All the rain that was missed last summer, which caused a sharp drop in agricultural production, is now coming. As a result, soybean planting in several regions of Mato Grosso do Sul, Paraná, Santa Catarina and Rio Grande do Sul is very slow and at a slower pace than the historical average.
The problem does not only occur in Brazil, but also in Paraguay. Argentina, the third largest soy producer in the world, may experience a period of drought during planting.
Given this scenario, Fernando Muraro, from AgRural, believes that the national soybean crop, which is being projected at up to 153 million tons, could be close to 150 million.
We are betting on a very high productivity, based on the previous harvest, for states in the Midwest and Matopiba, which may not be confirmed.
According to him, given the increase in the planted area to 43 million hectares, the crop should grow, but it will only reach 153 million tons “in the best of all worlds”. If there is any climate mishap, it could go back to 147 million.
With that, within a normal climate and productivity, the crop would be between 149 million and 150 million tons, he believes.
As in Brazil, Paraguay also suffers from excessive rainfall at this time of year. Some producers, to avoid the arrival of the rains, at the same time that they were harvesting the wheat, entered with the tractor sowing the soybeans a few weeks ago.
Despite the difficulty of planting this year, last year’s harvest was so affected by the drought that production in 2022/23 will be higher than the previous crop.
Paraguay, which managed to produce just 4.2 million tons of soybeans last year, is expected to obtain 12 million in the crop being sown.
Brazil is expected to rise from the 125.6 million tons obtained —the initial forecast was 144 million — to 149 million in 2022/23, according to AgRural.
Argentina, which also had a break and obtained 44 million tons this year, should reach 51 million next year.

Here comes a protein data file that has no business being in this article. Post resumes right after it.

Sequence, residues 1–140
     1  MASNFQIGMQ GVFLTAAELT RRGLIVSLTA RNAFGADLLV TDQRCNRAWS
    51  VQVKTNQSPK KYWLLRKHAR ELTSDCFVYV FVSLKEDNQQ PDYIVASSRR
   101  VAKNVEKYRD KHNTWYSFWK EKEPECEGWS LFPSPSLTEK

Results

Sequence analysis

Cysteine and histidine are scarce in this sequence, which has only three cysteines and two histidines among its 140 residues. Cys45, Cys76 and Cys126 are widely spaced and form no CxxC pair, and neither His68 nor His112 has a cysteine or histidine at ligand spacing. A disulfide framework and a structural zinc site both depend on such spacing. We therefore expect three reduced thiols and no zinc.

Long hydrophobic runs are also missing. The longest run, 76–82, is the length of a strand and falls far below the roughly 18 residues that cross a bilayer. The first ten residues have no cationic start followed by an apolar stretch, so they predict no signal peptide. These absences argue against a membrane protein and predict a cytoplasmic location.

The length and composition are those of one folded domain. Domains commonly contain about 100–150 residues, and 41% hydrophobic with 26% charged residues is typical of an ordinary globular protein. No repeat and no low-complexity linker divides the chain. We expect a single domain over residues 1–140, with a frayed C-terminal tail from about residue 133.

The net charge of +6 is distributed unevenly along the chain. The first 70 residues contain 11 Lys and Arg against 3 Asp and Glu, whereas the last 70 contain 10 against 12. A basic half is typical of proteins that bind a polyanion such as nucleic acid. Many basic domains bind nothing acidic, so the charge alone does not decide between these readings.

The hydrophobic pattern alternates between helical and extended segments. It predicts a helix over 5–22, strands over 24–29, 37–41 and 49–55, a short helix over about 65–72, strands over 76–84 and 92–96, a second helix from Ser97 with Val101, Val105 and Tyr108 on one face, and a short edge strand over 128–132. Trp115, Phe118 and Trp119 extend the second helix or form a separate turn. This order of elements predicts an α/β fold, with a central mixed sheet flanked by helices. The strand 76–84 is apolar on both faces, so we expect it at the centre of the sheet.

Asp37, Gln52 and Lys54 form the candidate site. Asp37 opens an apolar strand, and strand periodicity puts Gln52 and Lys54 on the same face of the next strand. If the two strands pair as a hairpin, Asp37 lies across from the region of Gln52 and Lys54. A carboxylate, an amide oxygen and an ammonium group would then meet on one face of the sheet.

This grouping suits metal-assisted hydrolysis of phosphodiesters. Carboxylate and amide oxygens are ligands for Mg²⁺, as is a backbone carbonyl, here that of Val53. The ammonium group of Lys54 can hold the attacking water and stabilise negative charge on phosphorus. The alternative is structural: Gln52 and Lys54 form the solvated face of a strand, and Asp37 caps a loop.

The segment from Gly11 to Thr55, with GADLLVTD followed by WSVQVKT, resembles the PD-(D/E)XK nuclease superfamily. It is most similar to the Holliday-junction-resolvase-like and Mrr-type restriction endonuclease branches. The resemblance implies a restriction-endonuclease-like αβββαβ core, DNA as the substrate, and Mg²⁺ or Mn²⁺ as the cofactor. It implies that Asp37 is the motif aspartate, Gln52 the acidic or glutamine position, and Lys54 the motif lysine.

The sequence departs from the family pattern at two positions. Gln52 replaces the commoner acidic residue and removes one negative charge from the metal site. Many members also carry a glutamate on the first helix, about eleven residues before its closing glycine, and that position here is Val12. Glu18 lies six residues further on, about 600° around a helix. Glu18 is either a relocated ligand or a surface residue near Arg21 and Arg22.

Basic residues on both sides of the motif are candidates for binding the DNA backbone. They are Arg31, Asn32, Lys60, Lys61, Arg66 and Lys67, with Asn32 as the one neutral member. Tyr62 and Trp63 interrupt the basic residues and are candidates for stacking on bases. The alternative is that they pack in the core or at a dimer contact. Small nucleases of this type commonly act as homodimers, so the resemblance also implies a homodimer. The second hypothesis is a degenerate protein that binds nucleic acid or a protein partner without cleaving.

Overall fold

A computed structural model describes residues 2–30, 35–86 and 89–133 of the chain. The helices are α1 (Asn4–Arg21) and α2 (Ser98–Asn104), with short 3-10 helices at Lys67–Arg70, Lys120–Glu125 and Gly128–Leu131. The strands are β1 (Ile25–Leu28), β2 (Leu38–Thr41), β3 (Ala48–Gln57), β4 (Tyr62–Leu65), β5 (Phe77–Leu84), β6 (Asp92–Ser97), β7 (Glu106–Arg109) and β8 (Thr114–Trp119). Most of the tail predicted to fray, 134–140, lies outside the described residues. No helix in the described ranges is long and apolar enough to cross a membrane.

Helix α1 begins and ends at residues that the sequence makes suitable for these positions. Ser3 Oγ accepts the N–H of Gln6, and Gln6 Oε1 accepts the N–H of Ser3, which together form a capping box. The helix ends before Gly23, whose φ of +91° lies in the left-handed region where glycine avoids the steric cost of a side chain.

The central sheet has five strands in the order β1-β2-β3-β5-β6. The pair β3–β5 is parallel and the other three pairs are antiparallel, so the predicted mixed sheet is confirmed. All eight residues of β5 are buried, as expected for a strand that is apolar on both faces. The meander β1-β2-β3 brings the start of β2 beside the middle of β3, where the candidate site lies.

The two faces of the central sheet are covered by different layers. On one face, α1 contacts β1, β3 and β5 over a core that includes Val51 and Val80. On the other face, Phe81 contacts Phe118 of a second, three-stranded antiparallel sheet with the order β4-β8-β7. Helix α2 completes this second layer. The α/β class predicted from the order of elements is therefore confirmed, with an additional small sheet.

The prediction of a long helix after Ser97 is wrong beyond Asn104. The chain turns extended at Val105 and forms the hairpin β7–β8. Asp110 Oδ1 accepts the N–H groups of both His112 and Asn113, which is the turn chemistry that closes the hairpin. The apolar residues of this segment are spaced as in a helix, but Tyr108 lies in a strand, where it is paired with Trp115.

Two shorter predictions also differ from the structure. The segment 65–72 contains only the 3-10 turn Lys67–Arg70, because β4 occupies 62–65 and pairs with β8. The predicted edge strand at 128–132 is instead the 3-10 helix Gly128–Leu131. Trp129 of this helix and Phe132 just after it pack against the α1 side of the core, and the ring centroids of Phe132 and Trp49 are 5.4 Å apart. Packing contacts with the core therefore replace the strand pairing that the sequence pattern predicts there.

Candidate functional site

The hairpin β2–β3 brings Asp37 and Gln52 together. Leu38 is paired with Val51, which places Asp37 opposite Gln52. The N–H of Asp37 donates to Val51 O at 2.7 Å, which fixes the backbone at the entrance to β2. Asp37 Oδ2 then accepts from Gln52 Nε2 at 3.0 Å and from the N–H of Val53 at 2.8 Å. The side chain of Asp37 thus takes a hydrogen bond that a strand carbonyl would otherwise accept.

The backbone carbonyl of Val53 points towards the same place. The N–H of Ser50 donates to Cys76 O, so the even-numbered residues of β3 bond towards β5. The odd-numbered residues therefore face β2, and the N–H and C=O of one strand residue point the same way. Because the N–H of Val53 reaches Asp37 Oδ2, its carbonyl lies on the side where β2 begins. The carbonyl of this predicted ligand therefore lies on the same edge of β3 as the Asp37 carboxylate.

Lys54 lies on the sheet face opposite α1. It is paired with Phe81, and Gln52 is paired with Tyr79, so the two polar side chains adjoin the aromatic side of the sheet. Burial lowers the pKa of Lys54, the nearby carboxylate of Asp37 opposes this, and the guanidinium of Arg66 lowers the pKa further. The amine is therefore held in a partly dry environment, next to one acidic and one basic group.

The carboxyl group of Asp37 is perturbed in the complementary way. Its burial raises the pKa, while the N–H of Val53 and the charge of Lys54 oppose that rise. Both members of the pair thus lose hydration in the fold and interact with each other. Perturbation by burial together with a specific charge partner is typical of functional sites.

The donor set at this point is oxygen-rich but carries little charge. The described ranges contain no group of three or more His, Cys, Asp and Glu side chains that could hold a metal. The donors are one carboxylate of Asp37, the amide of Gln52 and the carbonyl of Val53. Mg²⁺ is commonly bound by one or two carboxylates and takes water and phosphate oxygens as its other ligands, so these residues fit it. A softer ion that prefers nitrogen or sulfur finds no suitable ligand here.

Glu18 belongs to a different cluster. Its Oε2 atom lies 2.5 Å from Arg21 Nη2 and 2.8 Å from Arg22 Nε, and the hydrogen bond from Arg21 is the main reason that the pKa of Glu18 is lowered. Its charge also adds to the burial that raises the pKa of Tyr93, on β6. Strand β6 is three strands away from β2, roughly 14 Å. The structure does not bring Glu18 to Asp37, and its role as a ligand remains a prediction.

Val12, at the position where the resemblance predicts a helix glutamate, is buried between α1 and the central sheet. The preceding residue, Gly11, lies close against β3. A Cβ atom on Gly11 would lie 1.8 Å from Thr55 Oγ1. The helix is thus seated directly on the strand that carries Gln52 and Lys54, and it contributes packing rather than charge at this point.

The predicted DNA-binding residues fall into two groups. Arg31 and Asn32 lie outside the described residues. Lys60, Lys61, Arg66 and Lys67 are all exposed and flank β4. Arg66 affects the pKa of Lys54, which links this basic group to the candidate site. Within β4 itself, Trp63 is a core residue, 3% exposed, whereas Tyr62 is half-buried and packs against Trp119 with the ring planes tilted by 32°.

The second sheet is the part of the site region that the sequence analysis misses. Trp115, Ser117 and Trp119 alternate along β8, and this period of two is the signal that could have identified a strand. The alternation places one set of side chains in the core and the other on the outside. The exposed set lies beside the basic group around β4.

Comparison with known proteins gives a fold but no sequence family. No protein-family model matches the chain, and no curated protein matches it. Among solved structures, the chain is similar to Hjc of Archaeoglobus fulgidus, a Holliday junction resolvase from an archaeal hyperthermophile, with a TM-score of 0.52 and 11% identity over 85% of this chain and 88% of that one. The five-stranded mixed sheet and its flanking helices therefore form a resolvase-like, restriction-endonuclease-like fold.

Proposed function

Looking at these numbers, Muraro says production is back on track after a year of strong drought interference in 2021/22.
Data from Conab (National Supply Company), AgRural and Usda (United States Department of Agriculture) indicate that the crop being sown could reach 218 million tons in South America, 38 million more than that obtained in this year.
Following a productivity trend, Rio Grande do Sul, which obtained only 24 bags per hectare in the 2021/22 crop, should reach 51 bags in this one. Paraná rises from 36 to 56; and Mato Grosso, after the record of 62.3 bags, is slightly below.
Faced with so much uncertainty, soy marketing is very slow this year, according to Muraro. Until September, future sales for the 2022/23 crop amounted to just 17%, the lowest percentage in eight years. On average over the last five years, sales reached 35% for the period.
Climate, exchange rate and politics interfere with commercialization, says Muraro. In addition, expensive energy in Europe, lockdown in China, high interest rates, rising inflation and uncertainties with the world economy are also factors to consider, he says.
The bag of soybeans for delivery in February next year was R$ 161 in Cascavel (PR) this Thursday (20), according to research by AgRural. In Chicago, the November contract closed at $13.92 a bushel (27.2 kg), up 1.4% on the day.
AVIAN FLU STILL PUNISHES USA
Avian influenza continues to seriously affect poultry farming in the United States. The disease, which began at the beginning of this year, now has 548 outbreaks and affects 42 states in the country.
There are already 48 million birds affected, a number that is close to the record of 50.5 million in 2015, when the country was also affected by the disease.
As in Europe, Americans are struggling to control the virus. It was expected that in the summer the circulation of the disease would decrease in intensity, which did not happen.
Europe, which has the disease spread across 20 countries, also has an increasing number of affected birds. There are already 50 million that have been eliminated.
Brazil is free from the virus, as well as not registering African swine fever, another disease that has already entered the Americas.
The occurrence of these diseases further accentuates the effects of inflation, especially in the United States. Poultry production declines in several states, protein supply falls, and prices rise.
In the state of Iowa alone, 13.4 million birds have been affected. The effect of the disease is also spreading to the country’s exports, since large importers, such as China, do not buy products from the affected states.
Wine Chilean exports of wine with denomination of origin total 344 million liters from January to September, 6% more than in the same period in 2021.
wine 2 Of this volume, 51.5 million liters, 2.3% more than last year, came to Brazil, the largest importer in this category. The data are from the Ministry of Agriculture of Chile.